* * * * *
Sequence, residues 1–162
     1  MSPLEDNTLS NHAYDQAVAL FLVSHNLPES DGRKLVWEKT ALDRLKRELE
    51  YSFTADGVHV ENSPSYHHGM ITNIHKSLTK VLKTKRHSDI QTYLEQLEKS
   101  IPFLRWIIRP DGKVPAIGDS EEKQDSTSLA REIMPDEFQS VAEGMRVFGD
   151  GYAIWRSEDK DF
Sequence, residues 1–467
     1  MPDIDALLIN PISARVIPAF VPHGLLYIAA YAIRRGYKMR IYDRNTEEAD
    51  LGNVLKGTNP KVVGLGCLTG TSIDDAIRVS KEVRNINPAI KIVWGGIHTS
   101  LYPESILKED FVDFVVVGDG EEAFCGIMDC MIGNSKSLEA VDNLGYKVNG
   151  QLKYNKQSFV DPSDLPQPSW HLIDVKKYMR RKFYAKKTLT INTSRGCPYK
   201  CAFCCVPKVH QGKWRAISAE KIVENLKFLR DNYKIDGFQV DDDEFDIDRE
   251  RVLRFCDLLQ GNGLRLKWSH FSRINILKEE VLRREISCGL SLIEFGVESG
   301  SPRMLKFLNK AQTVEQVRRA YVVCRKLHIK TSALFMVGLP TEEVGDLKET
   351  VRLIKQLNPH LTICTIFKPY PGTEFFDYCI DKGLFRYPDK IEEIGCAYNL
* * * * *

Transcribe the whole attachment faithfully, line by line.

Sequence, residues 1–162
     1  MSPLEDNTLS NHAYDQAVAL FLVSHNLPES DGRKLVWEKT ALDRLKRELE
    51  YSFTADGVHV ENSPSYHHGM ITNIHKSLTK VLKTKRHSDI QTYLEQLEKS
   101  IPFLRWIIRP DGKVPAIGDS EEKQDSTSLA REIMPDEFQS VAEGMRVFGD
   151  GYAIWRSEDK DF
Sequence, residues 1–467
     1  MPDIDALLIN PISARVIPAF VPHGLLYIAA YAIRRGYKMR IYDRNTEEAD
    51  LGNVLKGTNP KVVGLGCLTG TSIDDAIRVS KEVRNINPAI KIVWGGIHTS
   101  LYPESILKED FVDFVVVGDG EEAFCGIMDC MIGNSKSLEA VDNLGYKVNG
   151  QLKYNKQSFV DPSDLPQPSW HLIDVKKYMR RKFYAKKTLT INTSRGCPYK
   201  CAFCCVPKVH QGKWRAISAE KIVENLKFLR DNYKIDGFQV DDDEFDIDRE
   251  RVLRFCDLLQ GNGLRLKWSH FSRINILKEE VLRREISCGL SLIEFGVESG
   301  SPRMLKFLNK AQTVEQVRRA YVVCRKLHIK TSALFMVGLP TEEVGDLKET
   351  VRLIKQLNPH LTICTIFKPY PGTEFFDYCI DKGLFRYPDK IEEIGCAYNL